Why have we seen such a surge in loot boxes in 2017?

"I think there's a false narrative that runs around, when [companies] see growth somewhere, they think 'oh, we have to be part of this,'" a veteran producer of triple-A games, who asked to be quoted anonymously, told us. "[The impulse is] 'Oh god, let's put this in our game.' When in reality, you don't need to do that… There's definitely a mentality of 'oh god, we have to do something... Mobile is doing so well.'"

In his opinion, though, "Mobile and console/PC are not competing. They're fundamentally different spaces, and the consistent lines that are drawn need to stop being drawn."

Who decides whether loot boxes are going into a game, and when is that decision made?

The same producer I talked to suggested, as you would expect, that systems like loot boxes are implemented into different games at different stages of development.

"I worked on a five year project, and certainly at the beginning of the project, that wasn't in the conversation," the producer said. "The publisher definitely brought it up 2-3 years out from release, it was at least talked about. There wasn't a set system put together for it, just an idea of how would we do this, what would we do, what could we sell that would be valuable to people, and in our case, [that the loot boxes] would not be gameplay-based."

I also talked over email with a designer who has experience at both triple-A and indie studios, who offered some examples of the design process. He too asked to be quoted anonymously.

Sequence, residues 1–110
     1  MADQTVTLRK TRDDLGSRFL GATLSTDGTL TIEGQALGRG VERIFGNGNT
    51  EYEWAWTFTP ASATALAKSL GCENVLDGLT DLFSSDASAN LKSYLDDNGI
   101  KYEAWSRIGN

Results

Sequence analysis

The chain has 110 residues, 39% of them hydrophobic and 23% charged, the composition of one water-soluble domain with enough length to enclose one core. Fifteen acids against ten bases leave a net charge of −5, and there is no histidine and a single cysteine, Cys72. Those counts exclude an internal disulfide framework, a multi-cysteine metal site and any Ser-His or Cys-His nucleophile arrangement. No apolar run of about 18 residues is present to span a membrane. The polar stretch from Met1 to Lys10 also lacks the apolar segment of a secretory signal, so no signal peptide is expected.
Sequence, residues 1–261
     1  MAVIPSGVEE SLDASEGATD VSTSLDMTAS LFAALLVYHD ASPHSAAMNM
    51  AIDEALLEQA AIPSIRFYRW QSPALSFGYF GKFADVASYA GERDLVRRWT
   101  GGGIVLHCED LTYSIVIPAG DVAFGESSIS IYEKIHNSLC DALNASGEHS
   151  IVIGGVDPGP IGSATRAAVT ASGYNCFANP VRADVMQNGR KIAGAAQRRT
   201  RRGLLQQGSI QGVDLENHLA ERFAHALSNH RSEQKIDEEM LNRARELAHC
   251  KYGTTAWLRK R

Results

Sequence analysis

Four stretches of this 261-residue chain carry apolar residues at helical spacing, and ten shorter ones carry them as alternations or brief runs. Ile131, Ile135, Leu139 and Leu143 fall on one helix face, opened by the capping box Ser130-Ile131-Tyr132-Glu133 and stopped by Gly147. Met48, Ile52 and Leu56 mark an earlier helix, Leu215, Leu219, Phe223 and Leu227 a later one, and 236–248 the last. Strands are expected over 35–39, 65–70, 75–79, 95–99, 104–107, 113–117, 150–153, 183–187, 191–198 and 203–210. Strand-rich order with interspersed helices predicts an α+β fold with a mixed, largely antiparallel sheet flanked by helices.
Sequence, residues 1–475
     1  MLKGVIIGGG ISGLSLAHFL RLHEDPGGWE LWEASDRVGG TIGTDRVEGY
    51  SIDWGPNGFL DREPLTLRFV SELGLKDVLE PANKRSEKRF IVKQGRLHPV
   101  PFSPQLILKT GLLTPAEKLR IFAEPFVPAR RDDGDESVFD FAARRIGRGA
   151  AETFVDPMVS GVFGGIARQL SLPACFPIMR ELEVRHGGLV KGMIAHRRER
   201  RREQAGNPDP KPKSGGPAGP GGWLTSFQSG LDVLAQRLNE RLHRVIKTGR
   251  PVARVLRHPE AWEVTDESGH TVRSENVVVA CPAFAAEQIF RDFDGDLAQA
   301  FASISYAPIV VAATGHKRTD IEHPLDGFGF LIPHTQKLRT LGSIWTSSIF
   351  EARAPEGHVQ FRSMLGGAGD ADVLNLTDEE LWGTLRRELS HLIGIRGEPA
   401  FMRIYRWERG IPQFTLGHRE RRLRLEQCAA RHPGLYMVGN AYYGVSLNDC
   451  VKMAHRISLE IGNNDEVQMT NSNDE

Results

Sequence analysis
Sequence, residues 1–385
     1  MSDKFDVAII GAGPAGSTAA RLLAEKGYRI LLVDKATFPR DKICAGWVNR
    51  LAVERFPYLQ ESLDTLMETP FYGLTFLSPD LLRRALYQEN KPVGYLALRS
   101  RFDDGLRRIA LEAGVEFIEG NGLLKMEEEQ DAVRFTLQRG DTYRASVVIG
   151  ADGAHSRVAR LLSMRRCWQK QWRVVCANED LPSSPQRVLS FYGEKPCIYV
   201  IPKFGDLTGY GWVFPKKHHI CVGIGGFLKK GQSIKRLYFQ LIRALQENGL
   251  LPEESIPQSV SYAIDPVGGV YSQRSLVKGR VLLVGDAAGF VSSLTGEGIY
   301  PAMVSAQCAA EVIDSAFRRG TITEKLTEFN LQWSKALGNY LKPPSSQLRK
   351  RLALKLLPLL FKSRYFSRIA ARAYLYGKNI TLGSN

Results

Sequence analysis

"The decision to include a certain type of microtransaction is typically made early in the project—you have to design and architect the game and its systems in such a way that you can support it. In my experience, it floated around as something that we knew we were going to implement at some point, but it was one of the last things that we actually built (which can mean a small window for iteration, especially when pushed up against a submission date)."...

Read Original Article     ON:   PC Gamer

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11-23-2017 Science&Technology
Google admits it tracked user location data even when the setting was turned off

Android phones gather your location data and send it to Google, even if you’ve turned off location services and don’t have a SIM card, Quartz reported today.

The term “location services” oftentimes refers to exact GPS data for app usage, such as Google Maps finding your best commute route, or Uber figuring out exactly where you’re standing to let drivers know your pickup point. Quartz’s report details a practice in which Google was able to track user locations by triangulating which cell towers were currently servicing a specific device.

Since January, all kinds of Android phones and tablets have been collecting the addresses of nearby cellular towers and sending the encrypted data to Google’s push notifications and messaging management system when connected to the internet. It’s a practice that customers can’t opt out of — even if their phones are factory reset.